}
        ]
    },
]

Plugin configuration view:

image4.png

After selecting the input.

image5.png
Multichoice Parameter

Use this parameter for storing multiple choice values. This parameter will have a dropdown on the plugin configuration page with ability to select multiple values.

Sample JSON

"configuration": [
    {
        "label": "Severity",
        "key": "severity",
        "type": "multichoice",
        "choices": [
            {
                "key": "Unknown",
                "value": "unknown"
            },
            {
                "key": "Low",
                "value": "low"
            },
            {
                "key": "Medium",
                "value": "medium"
            },
            {
                "key": "High",
                "value": "high"
            },
            {
                "key": "Critical",
                "value": "critical"
            }
        ],
        "default": [
            "critical",
            "high",
            "medium",
            "low",
            "unknown"
        ],
        "mandatory": false,
        "description": "Only indicators with matching severity will be saved."
    }
]

Plugin Configuration View:

image6.png
main.py

This python file contains the core implementation of the plugin.

Standard Imports
from netskope.integrations.cte.plugin_base import PluginBase, ValidationResult, PushResult
from netskope.integrations.cte.models import Indicator, IndicatorType
from netskope.integrations.cte.models.business_rule import Action, ActionWithoutParams
PluginBase Variables

PluginBase provides access to variables which can be used during the plugin lifecycle

Methods. Below is the list of variables.

Variable Name

Usage

Description

self.logger

self.logger.error(“Message”)

self.logger.warn(“Message”)

self.logger.info(“Message”)

Logger handle provided by core. Use this object to log important events. The logs would be visible in Threat Exchange Audit logs. Refer the Logging documentation.

self.configuration

self.configuration.get(<attribute-key-name>)

JSON representation of the configuration object of Plugin instance. Use this to access the configuration attributes like authentication credentials, server details, etc. Use the key name of the attribute mentioned in manifest.json.

self.last_run_at

If self.last_run_at:

self.last_run_at.timestamp()

Use this format to convert the last run time in epoch format.

Provides the timestamp of last successful run time of the Plugin’s pull method. Threat Exchange core maintains the checkpoint time after each successful pull() execution. For the first execution, the value would be None. The datatype of the object is datetime.

self.storage

Threat Exchange provides the plugin a mechanism to maintain state. Use this object to persist any state that would be required during subsequent calls. The datatype of this object is python dict.

self.notifier

self.notifier.info(“message”)

self.notifier.warn(“message”)

self.notifier.error(“message”)

This object provides handle of Threat Exchange core’s notifier. Use this object to push any notification to the platform. The notifications would be visible on Threat Exchange UI. Make sure the message contains summarized information for user to read and take necessary actions.

For example, a used notifier in Netskope plugin if the push() method exceeds 8MB limit of the product.

self.proxy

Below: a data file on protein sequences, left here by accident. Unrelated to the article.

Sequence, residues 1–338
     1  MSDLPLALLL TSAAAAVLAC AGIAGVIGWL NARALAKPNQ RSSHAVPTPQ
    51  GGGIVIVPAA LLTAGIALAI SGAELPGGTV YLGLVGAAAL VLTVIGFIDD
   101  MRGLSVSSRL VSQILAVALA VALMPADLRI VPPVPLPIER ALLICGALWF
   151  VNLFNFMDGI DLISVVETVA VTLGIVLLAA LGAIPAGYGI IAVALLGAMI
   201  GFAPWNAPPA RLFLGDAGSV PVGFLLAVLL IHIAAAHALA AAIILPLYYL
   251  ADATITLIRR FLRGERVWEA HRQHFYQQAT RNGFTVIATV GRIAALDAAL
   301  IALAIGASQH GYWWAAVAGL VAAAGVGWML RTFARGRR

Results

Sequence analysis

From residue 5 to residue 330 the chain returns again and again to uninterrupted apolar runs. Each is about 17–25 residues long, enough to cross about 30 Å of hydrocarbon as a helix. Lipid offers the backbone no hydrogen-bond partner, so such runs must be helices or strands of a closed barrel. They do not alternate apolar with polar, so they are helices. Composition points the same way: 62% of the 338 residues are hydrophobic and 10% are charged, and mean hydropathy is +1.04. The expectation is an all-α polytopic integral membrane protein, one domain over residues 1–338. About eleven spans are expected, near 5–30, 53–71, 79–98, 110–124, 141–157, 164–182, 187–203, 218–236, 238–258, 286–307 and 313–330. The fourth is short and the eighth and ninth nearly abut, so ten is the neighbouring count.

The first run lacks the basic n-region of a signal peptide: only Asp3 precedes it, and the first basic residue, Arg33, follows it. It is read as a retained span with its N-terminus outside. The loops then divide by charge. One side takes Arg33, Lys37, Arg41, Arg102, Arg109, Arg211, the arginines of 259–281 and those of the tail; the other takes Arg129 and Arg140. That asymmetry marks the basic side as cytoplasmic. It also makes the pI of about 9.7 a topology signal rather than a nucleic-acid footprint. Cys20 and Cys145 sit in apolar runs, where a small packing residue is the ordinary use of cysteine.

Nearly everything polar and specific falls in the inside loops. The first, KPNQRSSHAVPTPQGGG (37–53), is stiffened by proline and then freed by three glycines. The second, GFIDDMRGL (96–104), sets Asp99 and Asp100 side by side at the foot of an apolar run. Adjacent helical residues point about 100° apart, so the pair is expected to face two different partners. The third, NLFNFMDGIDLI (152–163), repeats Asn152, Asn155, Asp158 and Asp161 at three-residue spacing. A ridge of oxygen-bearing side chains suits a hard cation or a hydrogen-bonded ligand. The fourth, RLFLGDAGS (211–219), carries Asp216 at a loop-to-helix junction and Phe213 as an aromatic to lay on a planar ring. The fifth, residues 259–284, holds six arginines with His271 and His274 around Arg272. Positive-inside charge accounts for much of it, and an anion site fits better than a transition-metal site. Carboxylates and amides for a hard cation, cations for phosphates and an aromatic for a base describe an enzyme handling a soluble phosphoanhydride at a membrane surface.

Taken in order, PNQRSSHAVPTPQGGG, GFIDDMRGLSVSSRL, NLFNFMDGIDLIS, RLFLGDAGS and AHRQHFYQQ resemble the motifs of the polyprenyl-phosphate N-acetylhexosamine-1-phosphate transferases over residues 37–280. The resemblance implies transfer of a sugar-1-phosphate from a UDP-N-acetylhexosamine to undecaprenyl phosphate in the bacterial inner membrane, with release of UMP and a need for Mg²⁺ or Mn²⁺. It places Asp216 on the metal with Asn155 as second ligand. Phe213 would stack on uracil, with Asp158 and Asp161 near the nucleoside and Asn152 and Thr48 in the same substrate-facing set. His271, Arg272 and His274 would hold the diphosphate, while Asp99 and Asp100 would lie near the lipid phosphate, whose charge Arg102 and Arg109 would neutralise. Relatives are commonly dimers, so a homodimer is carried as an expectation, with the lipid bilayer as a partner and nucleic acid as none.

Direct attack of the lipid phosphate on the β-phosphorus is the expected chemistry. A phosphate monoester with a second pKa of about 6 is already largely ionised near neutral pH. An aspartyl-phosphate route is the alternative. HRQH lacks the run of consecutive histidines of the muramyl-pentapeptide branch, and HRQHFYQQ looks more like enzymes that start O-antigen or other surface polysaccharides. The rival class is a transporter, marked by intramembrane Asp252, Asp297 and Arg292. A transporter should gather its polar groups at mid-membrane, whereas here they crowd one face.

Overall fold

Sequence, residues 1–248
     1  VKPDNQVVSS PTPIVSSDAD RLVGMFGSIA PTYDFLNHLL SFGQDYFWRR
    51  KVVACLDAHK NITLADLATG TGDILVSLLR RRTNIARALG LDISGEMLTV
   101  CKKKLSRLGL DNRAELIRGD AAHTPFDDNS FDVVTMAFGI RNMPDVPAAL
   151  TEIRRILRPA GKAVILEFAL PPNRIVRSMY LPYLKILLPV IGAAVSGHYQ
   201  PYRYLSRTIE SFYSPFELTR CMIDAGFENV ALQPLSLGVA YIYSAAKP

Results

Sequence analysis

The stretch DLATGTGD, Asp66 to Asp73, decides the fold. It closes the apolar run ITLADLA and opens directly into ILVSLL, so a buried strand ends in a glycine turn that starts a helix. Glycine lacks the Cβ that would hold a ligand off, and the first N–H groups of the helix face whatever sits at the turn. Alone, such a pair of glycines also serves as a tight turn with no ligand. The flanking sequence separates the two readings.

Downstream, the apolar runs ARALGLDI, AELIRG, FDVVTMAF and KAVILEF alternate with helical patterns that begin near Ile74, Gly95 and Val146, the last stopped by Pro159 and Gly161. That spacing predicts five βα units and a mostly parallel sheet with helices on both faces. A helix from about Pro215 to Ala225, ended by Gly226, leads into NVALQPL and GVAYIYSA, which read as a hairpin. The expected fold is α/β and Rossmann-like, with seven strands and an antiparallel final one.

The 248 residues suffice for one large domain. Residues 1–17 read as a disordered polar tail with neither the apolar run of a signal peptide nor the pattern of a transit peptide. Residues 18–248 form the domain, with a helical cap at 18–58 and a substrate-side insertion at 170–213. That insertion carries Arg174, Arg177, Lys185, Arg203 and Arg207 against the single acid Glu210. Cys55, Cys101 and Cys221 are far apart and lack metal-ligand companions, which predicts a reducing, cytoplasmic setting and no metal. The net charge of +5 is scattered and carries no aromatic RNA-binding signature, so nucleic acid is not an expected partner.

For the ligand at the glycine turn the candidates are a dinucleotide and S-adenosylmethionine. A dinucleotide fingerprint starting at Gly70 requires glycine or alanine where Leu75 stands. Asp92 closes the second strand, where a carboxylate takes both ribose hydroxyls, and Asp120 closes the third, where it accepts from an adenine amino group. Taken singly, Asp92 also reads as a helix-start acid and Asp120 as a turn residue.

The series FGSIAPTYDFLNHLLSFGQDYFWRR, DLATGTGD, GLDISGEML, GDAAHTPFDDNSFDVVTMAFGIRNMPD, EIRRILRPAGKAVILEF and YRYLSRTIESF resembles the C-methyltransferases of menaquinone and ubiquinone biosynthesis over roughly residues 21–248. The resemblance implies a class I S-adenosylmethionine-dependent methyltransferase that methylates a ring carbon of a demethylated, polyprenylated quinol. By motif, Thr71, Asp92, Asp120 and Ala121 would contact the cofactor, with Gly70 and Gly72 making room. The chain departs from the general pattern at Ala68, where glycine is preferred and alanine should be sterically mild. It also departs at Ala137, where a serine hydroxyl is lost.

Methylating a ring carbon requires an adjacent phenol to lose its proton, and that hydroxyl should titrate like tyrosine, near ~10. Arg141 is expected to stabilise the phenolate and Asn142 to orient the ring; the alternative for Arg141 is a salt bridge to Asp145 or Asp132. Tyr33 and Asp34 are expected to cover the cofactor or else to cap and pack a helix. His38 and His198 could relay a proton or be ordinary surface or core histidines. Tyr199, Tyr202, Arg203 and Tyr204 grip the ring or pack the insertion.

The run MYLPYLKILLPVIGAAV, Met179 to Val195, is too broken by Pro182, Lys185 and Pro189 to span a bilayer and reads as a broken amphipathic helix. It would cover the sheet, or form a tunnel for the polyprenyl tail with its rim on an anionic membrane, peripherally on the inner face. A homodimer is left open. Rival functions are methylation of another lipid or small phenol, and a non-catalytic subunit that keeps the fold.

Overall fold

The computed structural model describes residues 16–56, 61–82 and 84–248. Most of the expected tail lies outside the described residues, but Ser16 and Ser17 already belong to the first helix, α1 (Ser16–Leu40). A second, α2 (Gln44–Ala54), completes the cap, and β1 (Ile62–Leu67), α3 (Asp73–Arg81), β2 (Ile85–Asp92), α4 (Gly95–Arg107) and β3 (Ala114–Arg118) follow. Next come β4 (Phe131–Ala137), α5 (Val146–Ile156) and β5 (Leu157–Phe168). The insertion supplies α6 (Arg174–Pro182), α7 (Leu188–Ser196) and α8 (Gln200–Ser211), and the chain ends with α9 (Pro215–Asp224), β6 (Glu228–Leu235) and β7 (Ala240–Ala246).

requests.get(url=url, proxies=self.proxy)

Handle of system’s proxy settings if configured, else {}.

self.ssl_validation

requests.get(url=url, verify=self.ssl_validation)

Boolean value which mentions if ssl validation be enforced for REST API calls.

Plugin Class
  • Plugin class has to be inherited from the PluginBase class. PluginBase class is defined in netskope.integrations.cte.plugin_base.

  • Make sure Plugin class provides implementation for the pull, push and validate method.

  • Plugin class will contain all the necessary params to establish connection and authentication with the 3rd-party API.

"""Sample plugin implementation.

This is a sample implementation of base PluginBase class. Which explains the concrete implemetation
of the base class.
"""

from netskope.integrations.cte.plugin_base import PluginBase, ValidationResult, PushResult
from netskope.integrations.cte.models import Indicator, IndicatorType
from typing import List
from datetime import datetime
import requests


class SamplePlugin(PluginBase):
   """SamplePlugin class having concrete implementation for pulling and pushing threat information.

   This class is responsible for implementing pull, push and validate methods with proper return types,
   so that it's lifecycle execution can be scheduled by the CTE core engine.
   """
Def Pull()

This is an abstract method of PluginBase Class.

  • This method implements the logic to pull the Threat IOCs (Malware & Malsites) from the API endpoints. This method is invoked periodically.

  • Make sure its unit-testable.

  • Use the checkpoint passed by Threat Exchange platform by invoking self.last_run_at It returns the datetime.datetime Python object containing timestamp when this method was last executed successfully.

  • Use the proxy configuration passed by the Threat Exchange platform by invoking self.proxy. It returns the python dict object which can be used directly with requests module.

  • All the configuration parameters for API authentication are passed as python dict receives them by invoking self.configuration.

  • All the logs be logged by the self.logger object with proper log level (info, warn, error). This object logs the logs to MongoDB and can be accessed via API calls.

  • Use self.ssl_validation bool to enable/disable validation of the SSL server certificate.